A master plan for Hawaiian sovereignty exists. It is entitled “Hookupu a Ka Lahui Hawaii,” and I just installed it on http://kalahuihawaii.wordpress.com/. It was first published in 1995, 15 years ago. If you are interested in the manao (ideas) of Native Hawaiians concerning their homeland, do take a look. Mahalo!
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Tags: Hawaii, Hawaiian, Hawaiian sovereignty, indigenous people, Ka Lahui Hawaii
Categories : Hawaiian
Some of my friends may know that I am a citizen of Ka Lahui Hawaii. I attended a working group meeting today to give a progress report on the new website http://kalahuihawaii.wordpress.com/ that I manage. It is even newer than Rebekah’s Studio.
For weeks we’ve been figuring how best to install certain documents for the public, and from the response of citizens at today’s meeting we uploaded the “Constitution of Ka Lahui Hawaii.” I am so happy! And there will be more information to come.
Looking back, quite a lot of nation building occurred in the 1990s. The citizens and honorary citizens were very active on all islands and on Moku Honu (North America). I remember attending legislative sessions throughout the islands: Kauai, Oahu, Molokai, Maui and Hawaii. There was an extensive sovereignty education program and citizens took stands on issues often.
Many of our kupuna (Hawaiian elders) who guided the nation in the early years have passed over. Remembering the legacy they left us, we are now continuing to pick up the pieces and press onward.
I think people who are unaware or, and I say this kindly, ignorant of the Native Hawaiian situation—whether they are sympathetic to Native initiatives or not—will be surprised at how much work Ka Lahui Hawaii accomplished:
The Constitution, Master Plan, resolutions, work at the United Nations level, treaties with other nations, educational and economic programs, research—all done at a grassroots level. We met in churches, in parking lots, in parks, at community centers, at each others’ homes.
If you have an interest, please visit
Through the power of the internet, the Ka Lahui Hawaii working group is recording the nation’s efforts in cyberspace for current and future generations.
Copyright 2009 Rebekah Luke
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Tags: Hawaiian sovereignty, indigenous people, Ka Lahui Hawaii, maoli, Native Hawaiian
Categories : About me, Hawaiian
Where does a Hawaiian island girl go on vacation? To places where it is cold and snowy. To places where I can wear clothes! In a few days I’ll be on my way to central Europe to visit the Christmas markets where I know it will be very cold. I am wishing for snow.
Somewhere along the river cruise route from Germany to Austria, Slovakia, and Hungary there might be some of that falling white fluffy stuff. Maybe in Salzburg, Vienna, Bratislava, or Budapest? I’ve got my snow boots packed! In the meantime, our WordPress host is accommodating by snowing on Rebekah’s Studio. Cool, huh? (pun intended)
Here’s a picture of a picture of my very first snowman the year I declared, as an adult, that I wanted a winter vacation. It was the first time I deliberately traveled to a cold place. My visit to Anchorage, Alaska, coincided with the Fur Rendezvous festival in Anchorage.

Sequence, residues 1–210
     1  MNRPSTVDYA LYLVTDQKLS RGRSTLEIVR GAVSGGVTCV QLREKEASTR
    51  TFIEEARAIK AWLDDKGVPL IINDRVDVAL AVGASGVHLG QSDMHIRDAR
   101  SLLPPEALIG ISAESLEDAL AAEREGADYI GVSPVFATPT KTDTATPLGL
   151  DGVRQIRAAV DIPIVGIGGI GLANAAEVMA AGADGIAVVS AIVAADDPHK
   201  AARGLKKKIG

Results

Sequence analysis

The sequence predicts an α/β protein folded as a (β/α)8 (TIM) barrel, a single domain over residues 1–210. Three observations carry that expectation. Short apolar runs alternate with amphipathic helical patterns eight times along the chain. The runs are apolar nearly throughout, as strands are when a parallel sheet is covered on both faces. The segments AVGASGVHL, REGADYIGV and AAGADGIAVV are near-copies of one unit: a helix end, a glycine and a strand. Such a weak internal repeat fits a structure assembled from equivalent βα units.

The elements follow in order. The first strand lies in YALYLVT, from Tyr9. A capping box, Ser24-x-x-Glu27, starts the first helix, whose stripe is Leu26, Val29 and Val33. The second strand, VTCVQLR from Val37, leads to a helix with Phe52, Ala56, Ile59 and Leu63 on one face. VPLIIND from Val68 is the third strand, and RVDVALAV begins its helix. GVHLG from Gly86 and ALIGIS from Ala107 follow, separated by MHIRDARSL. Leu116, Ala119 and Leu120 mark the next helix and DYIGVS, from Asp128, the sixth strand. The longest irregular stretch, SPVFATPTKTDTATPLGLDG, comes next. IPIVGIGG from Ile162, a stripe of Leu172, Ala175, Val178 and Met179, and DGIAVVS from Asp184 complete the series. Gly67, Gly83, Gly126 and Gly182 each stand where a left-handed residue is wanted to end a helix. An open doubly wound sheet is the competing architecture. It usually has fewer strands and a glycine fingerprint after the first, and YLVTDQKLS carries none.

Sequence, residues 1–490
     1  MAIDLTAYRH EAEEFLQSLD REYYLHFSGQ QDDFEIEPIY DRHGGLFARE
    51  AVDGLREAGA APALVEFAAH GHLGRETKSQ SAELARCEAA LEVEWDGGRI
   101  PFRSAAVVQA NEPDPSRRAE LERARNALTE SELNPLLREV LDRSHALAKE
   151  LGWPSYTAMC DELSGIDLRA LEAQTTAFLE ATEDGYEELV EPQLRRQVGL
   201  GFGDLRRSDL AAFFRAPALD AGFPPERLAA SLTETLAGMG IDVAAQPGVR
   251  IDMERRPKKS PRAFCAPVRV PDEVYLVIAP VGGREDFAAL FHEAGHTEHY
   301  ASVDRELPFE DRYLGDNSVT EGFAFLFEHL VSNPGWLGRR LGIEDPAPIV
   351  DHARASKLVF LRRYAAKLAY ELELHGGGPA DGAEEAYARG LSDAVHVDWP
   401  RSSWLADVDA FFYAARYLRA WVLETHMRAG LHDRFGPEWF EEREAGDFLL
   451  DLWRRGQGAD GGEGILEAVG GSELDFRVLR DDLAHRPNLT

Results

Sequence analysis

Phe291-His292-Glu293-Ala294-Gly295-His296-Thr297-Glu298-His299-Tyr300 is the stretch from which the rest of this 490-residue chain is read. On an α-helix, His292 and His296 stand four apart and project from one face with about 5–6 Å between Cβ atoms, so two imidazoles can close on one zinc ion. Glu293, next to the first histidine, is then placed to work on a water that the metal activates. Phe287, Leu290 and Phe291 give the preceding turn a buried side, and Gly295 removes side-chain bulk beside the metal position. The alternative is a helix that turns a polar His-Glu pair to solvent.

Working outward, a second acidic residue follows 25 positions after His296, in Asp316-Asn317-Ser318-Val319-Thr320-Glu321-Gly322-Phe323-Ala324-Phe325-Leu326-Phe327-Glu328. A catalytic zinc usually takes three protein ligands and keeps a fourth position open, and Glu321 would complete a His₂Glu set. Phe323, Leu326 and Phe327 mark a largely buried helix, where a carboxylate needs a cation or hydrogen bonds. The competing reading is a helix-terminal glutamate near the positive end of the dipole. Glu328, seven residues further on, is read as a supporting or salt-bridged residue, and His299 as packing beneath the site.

A couple of seasons before that, it snowed in the mountains on the San Francisco peninsula in California during the coldest winter since such-and-such year. I was working for Sunset magazine at the time. That winter I remember the first snowball thrown at me at Yosemite National Park where the waterfalls were frozen and the scenery was gorgeous-crisp and quiet.
Throughout our 25 years of marriage, DH and I often visited his parents, brother’s and sister’s families in Pennsylvania during the winter holiday, so often that my friends would ask if I ever went anywhere else besides Pennsylvania.
The last December we went to the East Coast, before this one, was to see his parents at their funerals within two weeks of each other. We huddled under the falling snow and placed orchid lei on the ground in the church’s memorial garden where we buried their ashes.
One weekend we took the train from Philadelphia to Washington, D.C. We stayed at the Pen Arts building that is the headquarters for the National League of American Pen Women, the members’ clubhouse. The staff went home for the weekend, and the mansion was ours. To trek around in the snow the next morning, though, we first had to get out of the front door. Thank goodness DH remembered how to shovel the steps and to say, “Yes, thank you!” when a man came by to ask if he should salt the sidewalk.
If you have to live in wintry weather all the time, I’m sure it could be more tiresome than romantic. But if you are born and reared in Hawaii as I was, it’s a novelty.
When I was in Osaka, Japan, one February for the opening of the Oceania exhibit at Minpaku (the National Museum of Ethnology) at Senri Park, Professor Shimizu regretted to tell me, when I asked, that it probably would not snow. A few minutes into lunch, he was really surprised to see the white flakes falling outside the dining room window. But I wasn’t.
Here is the link to Minpaku. The photo you see is an exact replica of Hale Kuai Cooperative store with authentic Native Hawaiian made products in Hauula, Oahu, that I co-founded with Ka Lahui Hawaii. How it got there as the Hawaiian part of the permanent Oceania exhibit at the museum is an amazing story, a real memoir that I’ll share with you someday.
I say it’s fitting that WordPress bless this blog with snow. Please enjoy it warmly in front of your computer! I’m planning to send holiday posts while abroad.
Copyright 2009 Rebekah Luke
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Tags: December, Fur Rendezvous, Hawaiian, Ka Lahui Hawaii, Memoir, Minpaku, snow, snowman, Travel, winter, winter vacation, WordPress